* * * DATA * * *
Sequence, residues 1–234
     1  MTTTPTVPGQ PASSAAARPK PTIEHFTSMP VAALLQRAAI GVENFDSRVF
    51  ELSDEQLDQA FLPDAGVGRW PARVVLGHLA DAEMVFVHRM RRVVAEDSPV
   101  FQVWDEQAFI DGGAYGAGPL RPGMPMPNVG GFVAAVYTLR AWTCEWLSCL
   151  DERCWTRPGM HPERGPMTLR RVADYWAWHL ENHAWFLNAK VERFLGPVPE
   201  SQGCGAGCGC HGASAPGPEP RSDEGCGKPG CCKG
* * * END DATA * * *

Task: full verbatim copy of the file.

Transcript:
Sequence, residues 1–234
     1  MTTTPTVPGQ PASSAAARPK PTIEHFTSMP VAALLQRAAI GVENFDSRVF
    51  ELSDEQLDQA FLPDAGVGRW PARVVLGHLA DAEMVFVHRM RRVVAEDSPV
   101  FQVWDEQAFI DGGAYGAGPL RPGMPMPNVG GFVAAVYTLR AWTCEWLSCL
   151  DERCWTRPGM HPERGPMTLR RVADYWAWHL ENHAWFLNAK VERFLGPVPE
   201  SQGCGAGCGC HGASAPGPEP RSDEGCGKPG CCKG